In our vision of the future economy, businesses collaborate with the research and government sectors, contributing to a globally focussed and vibrant culture of innovation and entrepreneurship.

Like you, we in the Government believe in the opportunities of the global economy for Australians.

We believe in the benefits of free trade. We have opened up new markets for Australia’s products and services through free trade agreements with Singapore, China, Japan and Korea, and we’re looking elsewhere.

Our Global Innovation Strategy reduces barriers to international collaboration to help Australian businesses gain from global knowledge networks.

But there’s a lot of panic in the air about globalisation and the other disruptions Australian industries are facing.

I’ve already warned about the danger of a drawbridge mentality in response to the age of disruption. Disengaging from world markets is one of the worst things we could do for jobs in this country.

But many want to do that. They fear that disruption is going to leave them and their kids behind. They feel this story is not about them; that it’s just about Silicon Valley millionaires.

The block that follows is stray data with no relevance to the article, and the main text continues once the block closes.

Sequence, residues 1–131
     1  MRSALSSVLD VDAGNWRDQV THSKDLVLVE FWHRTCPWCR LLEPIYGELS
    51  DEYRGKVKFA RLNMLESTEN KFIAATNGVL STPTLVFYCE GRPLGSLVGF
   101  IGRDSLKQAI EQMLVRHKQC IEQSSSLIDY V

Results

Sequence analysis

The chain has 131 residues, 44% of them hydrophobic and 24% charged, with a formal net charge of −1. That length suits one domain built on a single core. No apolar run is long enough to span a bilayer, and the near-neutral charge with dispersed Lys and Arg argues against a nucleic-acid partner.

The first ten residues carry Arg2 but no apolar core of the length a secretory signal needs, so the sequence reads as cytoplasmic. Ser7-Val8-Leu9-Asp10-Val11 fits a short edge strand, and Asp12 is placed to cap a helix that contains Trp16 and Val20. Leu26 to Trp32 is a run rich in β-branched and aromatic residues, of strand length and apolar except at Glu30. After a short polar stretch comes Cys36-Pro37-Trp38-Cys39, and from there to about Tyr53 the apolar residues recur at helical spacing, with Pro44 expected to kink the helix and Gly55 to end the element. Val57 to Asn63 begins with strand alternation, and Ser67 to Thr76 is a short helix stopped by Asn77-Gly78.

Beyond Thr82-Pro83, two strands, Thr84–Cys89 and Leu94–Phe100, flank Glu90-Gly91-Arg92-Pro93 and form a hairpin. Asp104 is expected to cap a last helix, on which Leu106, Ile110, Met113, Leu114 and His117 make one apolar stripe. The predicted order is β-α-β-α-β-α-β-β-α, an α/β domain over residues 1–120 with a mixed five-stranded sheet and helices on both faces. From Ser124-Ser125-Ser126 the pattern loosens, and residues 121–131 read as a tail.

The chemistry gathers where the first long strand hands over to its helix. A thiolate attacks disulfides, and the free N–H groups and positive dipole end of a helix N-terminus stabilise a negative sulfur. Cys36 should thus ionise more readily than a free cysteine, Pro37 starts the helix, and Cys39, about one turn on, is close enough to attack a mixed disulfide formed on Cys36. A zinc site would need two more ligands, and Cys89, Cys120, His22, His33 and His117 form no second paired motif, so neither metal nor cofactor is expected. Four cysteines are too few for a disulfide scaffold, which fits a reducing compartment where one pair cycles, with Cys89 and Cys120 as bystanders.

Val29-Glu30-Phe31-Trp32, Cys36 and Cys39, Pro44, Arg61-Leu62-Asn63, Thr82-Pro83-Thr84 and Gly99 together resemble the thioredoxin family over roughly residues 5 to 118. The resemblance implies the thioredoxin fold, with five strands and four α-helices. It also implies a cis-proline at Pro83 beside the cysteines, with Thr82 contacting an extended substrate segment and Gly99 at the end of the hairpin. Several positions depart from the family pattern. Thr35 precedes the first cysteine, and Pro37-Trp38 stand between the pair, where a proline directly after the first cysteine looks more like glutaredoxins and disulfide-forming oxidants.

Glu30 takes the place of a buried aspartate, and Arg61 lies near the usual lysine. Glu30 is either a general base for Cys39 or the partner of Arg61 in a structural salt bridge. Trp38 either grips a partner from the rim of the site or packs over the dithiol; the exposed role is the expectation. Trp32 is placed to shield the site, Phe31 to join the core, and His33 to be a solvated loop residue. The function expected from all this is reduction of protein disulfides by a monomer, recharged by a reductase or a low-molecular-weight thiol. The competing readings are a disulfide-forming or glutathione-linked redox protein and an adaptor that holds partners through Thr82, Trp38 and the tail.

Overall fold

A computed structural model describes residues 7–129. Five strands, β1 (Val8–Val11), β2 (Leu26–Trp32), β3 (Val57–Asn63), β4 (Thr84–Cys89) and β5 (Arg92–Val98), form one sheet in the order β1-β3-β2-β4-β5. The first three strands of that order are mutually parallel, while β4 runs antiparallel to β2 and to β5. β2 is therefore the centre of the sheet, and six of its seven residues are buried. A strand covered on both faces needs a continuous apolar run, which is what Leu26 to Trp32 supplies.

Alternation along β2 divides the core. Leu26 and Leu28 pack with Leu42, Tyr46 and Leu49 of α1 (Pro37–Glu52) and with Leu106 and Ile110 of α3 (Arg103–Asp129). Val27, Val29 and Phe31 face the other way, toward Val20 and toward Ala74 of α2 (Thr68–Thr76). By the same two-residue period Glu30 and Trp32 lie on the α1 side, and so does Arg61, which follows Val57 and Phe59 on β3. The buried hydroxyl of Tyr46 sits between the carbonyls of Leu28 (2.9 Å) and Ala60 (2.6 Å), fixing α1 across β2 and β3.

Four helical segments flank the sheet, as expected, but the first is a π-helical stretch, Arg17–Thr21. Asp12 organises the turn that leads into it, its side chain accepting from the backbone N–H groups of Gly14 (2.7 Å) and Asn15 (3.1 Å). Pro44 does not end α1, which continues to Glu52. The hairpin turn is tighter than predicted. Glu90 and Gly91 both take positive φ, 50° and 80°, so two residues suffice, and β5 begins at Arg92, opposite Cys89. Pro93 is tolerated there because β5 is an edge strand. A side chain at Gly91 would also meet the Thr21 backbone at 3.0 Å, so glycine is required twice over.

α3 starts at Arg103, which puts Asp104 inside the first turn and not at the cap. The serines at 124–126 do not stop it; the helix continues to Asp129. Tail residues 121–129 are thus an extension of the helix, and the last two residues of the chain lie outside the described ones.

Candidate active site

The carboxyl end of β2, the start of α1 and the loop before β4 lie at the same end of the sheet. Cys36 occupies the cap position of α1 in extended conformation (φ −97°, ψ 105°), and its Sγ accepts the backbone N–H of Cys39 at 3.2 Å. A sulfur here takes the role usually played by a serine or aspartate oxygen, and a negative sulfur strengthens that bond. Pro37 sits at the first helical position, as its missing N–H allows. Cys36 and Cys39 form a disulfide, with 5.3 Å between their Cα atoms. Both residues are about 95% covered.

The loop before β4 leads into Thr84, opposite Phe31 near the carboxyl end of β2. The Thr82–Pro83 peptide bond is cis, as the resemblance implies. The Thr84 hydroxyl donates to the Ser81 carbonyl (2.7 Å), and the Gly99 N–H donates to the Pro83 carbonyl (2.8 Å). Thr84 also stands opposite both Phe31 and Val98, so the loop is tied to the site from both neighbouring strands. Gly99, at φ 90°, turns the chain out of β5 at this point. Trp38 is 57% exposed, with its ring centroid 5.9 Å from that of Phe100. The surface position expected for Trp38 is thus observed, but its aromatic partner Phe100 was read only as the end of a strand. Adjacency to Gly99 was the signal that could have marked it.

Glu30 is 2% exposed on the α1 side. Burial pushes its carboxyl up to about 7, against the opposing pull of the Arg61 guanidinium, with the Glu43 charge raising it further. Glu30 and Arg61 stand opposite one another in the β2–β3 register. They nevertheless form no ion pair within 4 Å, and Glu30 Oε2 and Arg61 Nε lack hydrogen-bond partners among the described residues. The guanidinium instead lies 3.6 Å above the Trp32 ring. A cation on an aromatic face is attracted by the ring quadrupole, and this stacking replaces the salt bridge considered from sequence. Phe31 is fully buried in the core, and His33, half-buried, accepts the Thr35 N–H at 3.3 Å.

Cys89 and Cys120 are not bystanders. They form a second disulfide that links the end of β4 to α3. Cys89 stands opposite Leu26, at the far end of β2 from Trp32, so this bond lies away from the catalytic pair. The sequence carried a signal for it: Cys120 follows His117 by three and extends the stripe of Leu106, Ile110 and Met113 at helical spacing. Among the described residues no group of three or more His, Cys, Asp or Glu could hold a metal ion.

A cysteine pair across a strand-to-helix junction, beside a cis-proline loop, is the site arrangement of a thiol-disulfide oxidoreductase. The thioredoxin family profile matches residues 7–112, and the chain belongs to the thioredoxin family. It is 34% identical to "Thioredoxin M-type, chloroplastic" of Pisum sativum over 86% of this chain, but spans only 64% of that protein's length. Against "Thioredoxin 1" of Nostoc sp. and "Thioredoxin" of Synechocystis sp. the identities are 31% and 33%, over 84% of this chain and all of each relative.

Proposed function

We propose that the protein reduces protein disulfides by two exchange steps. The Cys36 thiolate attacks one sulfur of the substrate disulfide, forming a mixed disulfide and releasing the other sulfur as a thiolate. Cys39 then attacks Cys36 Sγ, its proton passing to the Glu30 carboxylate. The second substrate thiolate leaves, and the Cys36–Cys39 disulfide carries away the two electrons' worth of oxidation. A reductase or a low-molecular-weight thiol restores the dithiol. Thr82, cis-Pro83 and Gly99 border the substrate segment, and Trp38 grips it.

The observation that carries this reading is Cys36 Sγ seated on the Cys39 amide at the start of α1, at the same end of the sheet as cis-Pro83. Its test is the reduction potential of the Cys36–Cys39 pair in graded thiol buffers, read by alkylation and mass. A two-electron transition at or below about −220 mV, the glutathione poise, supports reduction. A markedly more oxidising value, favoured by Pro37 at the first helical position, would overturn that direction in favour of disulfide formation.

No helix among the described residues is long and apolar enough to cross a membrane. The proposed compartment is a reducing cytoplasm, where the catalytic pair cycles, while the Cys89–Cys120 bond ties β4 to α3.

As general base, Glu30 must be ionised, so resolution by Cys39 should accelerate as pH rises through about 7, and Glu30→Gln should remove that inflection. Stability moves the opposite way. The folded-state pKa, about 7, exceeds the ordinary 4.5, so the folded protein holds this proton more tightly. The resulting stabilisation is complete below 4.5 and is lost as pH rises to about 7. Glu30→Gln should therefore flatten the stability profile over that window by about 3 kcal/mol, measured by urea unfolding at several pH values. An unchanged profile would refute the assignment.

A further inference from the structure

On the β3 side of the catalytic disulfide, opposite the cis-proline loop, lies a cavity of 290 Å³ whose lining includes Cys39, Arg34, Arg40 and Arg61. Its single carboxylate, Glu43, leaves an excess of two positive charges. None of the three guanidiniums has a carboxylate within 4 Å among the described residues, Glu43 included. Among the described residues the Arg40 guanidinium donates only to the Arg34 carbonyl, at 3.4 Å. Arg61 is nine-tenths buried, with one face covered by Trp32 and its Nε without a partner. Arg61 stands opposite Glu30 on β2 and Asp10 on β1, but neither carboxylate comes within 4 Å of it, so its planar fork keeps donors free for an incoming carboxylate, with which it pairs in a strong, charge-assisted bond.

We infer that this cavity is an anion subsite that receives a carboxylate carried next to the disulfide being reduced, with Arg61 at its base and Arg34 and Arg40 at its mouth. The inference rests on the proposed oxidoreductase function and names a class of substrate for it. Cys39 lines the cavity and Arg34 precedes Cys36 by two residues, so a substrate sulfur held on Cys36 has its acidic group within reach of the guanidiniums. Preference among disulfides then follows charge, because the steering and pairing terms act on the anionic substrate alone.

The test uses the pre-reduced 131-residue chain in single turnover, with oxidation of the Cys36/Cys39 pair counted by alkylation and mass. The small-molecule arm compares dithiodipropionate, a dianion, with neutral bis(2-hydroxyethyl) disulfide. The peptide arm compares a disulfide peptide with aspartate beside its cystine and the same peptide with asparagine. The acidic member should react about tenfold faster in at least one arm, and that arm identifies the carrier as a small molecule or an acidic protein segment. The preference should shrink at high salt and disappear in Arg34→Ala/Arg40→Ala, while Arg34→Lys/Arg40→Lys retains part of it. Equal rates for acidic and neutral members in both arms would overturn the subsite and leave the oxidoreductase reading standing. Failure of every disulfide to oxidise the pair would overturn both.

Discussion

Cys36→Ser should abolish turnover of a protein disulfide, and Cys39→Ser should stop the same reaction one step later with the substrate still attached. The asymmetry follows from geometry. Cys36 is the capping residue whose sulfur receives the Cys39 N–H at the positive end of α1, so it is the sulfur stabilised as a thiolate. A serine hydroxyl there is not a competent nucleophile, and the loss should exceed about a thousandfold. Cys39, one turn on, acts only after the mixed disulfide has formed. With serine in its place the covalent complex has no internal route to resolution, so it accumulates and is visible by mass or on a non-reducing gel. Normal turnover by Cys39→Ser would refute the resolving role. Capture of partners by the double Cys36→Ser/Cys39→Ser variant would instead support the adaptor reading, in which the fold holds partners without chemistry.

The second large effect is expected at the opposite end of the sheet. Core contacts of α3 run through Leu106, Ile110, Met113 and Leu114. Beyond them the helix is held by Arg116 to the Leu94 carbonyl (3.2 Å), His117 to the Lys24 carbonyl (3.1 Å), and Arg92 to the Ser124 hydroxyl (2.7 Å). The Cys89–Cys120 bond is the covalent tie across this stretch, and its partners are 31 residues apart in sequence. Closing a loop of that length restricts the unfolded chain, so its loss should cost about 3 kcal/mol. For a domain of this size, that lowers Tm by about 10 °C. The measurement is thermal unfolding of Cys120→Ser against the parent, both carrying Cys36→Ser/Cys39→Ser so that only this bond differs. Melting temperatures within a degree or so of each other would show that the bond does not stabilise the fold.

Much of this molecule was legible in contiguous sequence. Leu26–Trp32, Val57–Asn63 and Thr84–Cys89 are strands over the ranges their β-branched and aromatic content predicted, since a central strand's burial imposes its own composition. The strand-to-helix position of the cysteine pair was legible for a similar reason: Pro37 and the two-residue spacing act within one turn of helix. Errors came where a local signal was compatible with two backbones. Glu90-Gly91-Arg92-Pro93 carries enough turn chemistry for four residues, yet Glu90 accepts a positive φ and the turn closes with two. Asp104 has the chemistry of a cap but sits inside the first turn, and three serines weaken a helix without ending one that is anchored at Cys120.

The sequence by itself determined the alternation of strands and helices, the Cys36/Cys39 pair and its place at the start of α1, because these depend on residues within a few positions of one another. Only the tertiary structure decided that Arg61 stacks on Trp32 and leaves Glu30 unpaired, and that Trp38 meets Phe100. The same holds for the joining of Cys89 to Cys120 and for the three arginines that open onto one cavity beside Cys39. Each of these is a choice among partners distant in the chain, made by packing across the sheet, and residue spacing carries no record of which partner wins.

No-one is better placed than the people in this room to dispel the myth for Australians. You are living proof that Aussies can be winners in the disruption game.

The challenge for us all, if we believe in a globally competitive and engaged Australia, is to bring the sceptics along with us.

The OECD has argued that in today’s globalised market, the success of many businesses, especially exporters, is going to depend on identifying and slotting into niches in complicated global value chains. And that’s a huge leap for a small business working by itself in a country that’s geographically isolated from big markets. That’s where collaboration with successful global businesses and leaders can make a difference.

We need to demonstrate and understand that we’re not in a fight between old and new, or between local and global; we’re in a fight between a future of national prosperity and a future of stagnation, and we are all on the same team.

Through your efforts and ours, we can make sure the age of disruption works for all of us.

[ENDS]

[1]  CEDA, Australia’s Future Workforce (June 2015), p. 195: http://adminpanel.ceda.com.au/FOLDERS/Service/Files/Documents/26792~Futureworkforce_June2015.pdf

[2] http://csq.org.au/csq/media/Common/Knowledge%20Centre/Knowledge%20Centre%20Publications/CSQ_Farsight_Report_2016_LR.pdf  p62